Evidence hints at the event. Parts of broken drumsticks, a sound recording, a photograph and a written approach. Traces, relics. The work „Safe Crash“ by visual artist Florian Bräunlich consists of porcelain drumsticks, plastic buckets, a wooden platform, varnish, cymbals, cymbal stands, a floor tom and a spotlight on which the second release of „dispari“ is based.
A sound recording witnesses Sven-Åke Johansson’s performance of Florian Bräunlich’s “Safe Crash” at HFBK, Hamburg in September 2020. The moment Johansson begins to play with the porcelain drumsticks, he transfers them into another state. In the course of the performance, the melodic-rhythmic sounds shift perceptibly towards the material exploration of the porcelain. Johansson – a style-defining drummer of the German free jazz era of the 60s and 70s; from the 80s onwards, he pursued an artistic path as a music performer in the circles of fine arts and new music – works out all aspects and parameters of the material’s sonority, tries to make the objects audible in their quality. His playing is an immediate response to the sound of the things he is working with.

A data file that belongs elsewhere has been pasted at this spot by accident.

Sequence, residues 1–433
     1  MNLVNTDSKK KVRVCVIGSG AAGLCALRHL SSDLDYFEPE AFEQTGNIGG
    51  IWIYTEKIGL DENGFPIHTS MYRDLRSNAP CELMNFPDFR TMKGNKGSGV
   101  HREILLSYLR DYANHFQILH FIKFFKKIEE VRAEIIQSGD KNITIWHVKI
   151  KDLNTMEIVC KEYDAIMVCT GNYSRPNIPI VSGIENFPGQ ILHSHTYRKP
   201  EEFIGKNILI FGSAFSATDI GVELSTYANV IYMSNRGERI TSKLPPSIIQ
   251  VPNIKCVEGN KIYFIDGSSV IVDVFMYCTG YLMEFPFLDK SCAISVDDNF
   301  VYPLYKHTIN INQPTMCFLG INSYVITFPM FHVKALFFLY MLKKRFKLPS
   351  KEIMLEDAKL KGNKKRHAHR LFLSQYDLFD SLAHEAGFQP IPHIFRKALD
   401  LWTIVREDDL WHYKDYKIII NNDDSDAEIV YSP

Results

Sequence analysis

Listening to the recording reveals the insatiable curiosity with which he explores the material before it breaks. It is a venture he undertakes, an experiment, an investigation. Little by little, he adopts the dysfunctionality of the drumsticks. Owing to the way the material is used, the minimalistic piece seems like an adaptation of the orgies of material destruction known from Fluxus, which were paralleled by a musicalization of the everyday world. Any object could become an instrument.
Johansson carries Bräunlich’s sculptural work forward; based on his touch, his play, he amplifies what is already inherent in the form. Though the function and materiality of the objects initially appear as a contradiction, it is precisely this contradiction that heightens their performative quality. The ephemeral nature of sound is set in relation to the supposed permanence of the medium of sculpture. The process of fragmentation leads to the final state, the final form – splinters all over the place. For each publication some of the relics are placed in a cardboard box together with a sound recording on a single sided C-28 cassette tape, a hand-printed letterpress poster and postcards.
It is a play with the immediacy of the performance, the lingering sound – the during and the after. (Merle Radtke)
Edition of 100.